NEWS
May 26, 2010
This June, Hagerstown Community College's Continuing Education and Community Services division will offer its first online fiction writing workshop. The eight-week non-credit course will provide aspiring writers with step-by-step guidance in creating short stories, as well as offer tips on getting published. The course is designed to be accessible to writers of all levels and skill sets. "Anybody who's into writing stories can benefit from this workshop whether they've already been published or they just want to see if it's their cup of tea," said HCC instructor Julie Castillo.
NEWS
by KATE COLEMAN | January 17, 2005
"This book is being published because I want it to be published," wrote Herbert W. Gestl on the first page of "Love, A Fantasy," a collection of poetry, short stories and short plays the Sharpsburg resident has written over many years. Some of the poems were written while the Allentown, Pa., native was in high school and college. He said he even strung a few of them together, and his cousin, a composer in Vienna, Austria, recorded them with background music by J.S. Bach. The plays, "The Four-Thirty Whistle," "The Last Frontier" and "The Devil's Helping Hand," were written and take place during the sexual revolution in this country and reflect attitudes and thoughts during that time period, Gestl wrote.
NEWS
By ERICA SYVERSON / Pulse Correspondent | June 10, 2008
Coming from a writer, the description of what goes on inside a writer's head can get pretty complicated. If you were to remove the skullcap of an author like Harpers Ferry, W.Va.-born John Cummings, you might see rolling out a mash of John Updike, 15 years worth of writing, and some Springsteen lyrics. Cummings' first published novel, "The Night I Freed John Brown," (see review at left) was released at the end of May, but the Pulse team had the opportunity to grab a word with the author prior to the release date just to see what kinds of things he rolls around upstairs.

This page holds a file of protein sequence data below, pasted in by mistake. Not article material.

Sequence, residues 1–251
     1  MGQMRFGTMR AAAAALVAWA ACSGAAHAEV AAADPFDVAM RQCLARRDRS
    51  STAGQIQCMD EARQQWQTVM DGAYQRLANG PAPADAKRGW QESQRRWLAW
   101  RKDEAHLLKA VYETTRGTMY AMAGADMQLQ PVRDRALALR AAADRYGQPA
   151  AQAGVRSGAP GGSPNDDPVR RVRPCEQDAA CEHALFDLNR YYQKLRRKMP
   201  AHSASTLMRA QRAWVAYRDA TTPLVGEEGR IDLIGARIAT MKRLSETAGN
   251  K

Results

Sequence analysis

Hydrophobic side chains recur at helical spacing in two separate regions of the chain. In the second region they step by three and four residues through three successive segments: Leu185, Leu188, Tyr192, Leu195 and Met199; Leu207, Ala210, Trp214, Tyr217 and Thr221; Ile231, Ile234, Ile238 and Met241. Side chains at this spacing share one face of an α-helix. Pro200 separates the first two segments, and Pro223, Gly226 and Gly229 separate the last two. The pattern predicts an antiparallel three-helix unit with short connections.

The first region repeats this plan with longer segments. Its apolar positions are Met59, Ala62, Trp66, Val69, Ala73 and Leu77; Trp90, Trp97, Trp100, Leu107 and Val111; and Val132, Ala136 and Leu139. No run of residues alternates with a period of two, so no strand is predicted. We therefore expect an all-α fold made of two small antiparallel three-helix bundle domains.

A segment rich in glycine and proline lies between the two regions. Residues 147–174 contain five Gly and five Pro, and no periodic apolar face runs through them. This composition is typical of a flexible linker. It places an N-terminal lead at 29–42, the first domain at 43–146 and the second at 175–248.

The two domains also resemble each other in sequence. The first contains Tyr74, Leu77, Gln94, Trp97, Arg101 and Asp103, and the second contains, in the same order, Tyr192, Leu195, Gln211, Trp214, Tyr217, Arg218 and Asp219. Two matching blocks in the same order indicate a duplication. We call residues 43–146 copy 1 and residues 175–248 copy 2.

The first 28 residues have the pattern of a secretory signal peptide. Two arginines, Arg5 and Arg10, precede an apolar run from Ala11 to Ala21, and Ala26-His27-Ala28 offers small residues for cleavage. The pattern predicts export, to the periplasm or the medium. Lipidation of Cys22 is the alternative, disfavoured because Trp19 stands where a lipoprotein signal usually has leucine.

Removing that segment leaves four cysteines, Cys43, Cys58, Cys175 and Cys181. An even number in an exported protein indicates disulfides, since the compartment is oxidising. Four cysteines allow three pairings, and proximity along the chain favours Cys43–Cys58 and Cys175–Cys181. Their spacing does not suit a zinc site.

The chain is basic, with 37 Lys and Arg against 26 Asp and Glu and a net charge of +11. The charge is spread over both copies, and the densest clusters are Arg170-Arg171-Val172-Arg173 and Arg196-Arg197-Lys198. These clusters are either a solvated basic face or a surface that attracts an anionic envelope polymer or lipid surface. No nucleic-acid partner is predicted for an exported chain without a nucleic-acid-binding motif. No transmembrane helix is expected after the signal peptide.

LIFESTYLE
September 21, 2012
A malevolent, talking clock. A witch's soul locked in an old book. A prisoner locked in poisoned chains. A young man with a frightening body-double. These chilling characters haunted The Herald-Mail during the 2011 Scary Story Contest. Who will star in this year's contest? The Herald-Mail Lifestyle section invites readers to write original short stories for the 2012 Scary Story Contest. Entries will be accepted in one of three age categories — adults (ages 19 and older), teens (13 to 18)
ARTICLES BY DATE
OPINION
June 8, 2013
Thumbs up to Hagerstown Community College student Jeremiah Sater of Waynesboro, Pa., whose first short story, “Planet 239,” recently was published in the online literary magazine The WiFiles. Sater began writing short stories at the age of 8 and hopes to publish a collection of short stories and a novel within the next 10 years. Thumbs up to the participants in the Operation God Bless America benefit motorcycle ride, which traveled 45 miles from Greencastle, Pa., to Martinsburg, W.Va., to raise money for the Veterans Affairs Medical Center.
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EDUCATION
June 2, 2013
Hagerstown Community College student Jeremiah Sater of Waynesboro, Pa., recently published his first short story, “Planet 239,” in the online literary magazine The WiFiles. According to Sater, “Planet 239” tells the story of crew members in the National Galaxy Alert Program who track comets and prevent them from crashing into the planet. The crew soon comes to realize that one of those comets is far more dangerous than it first appears. Sater, 18, first began writing short stories at the age of 8. He most often writes in the science fiction and fantasy genres and hopes to publish a collection of short stories and a novel within the next 10 years.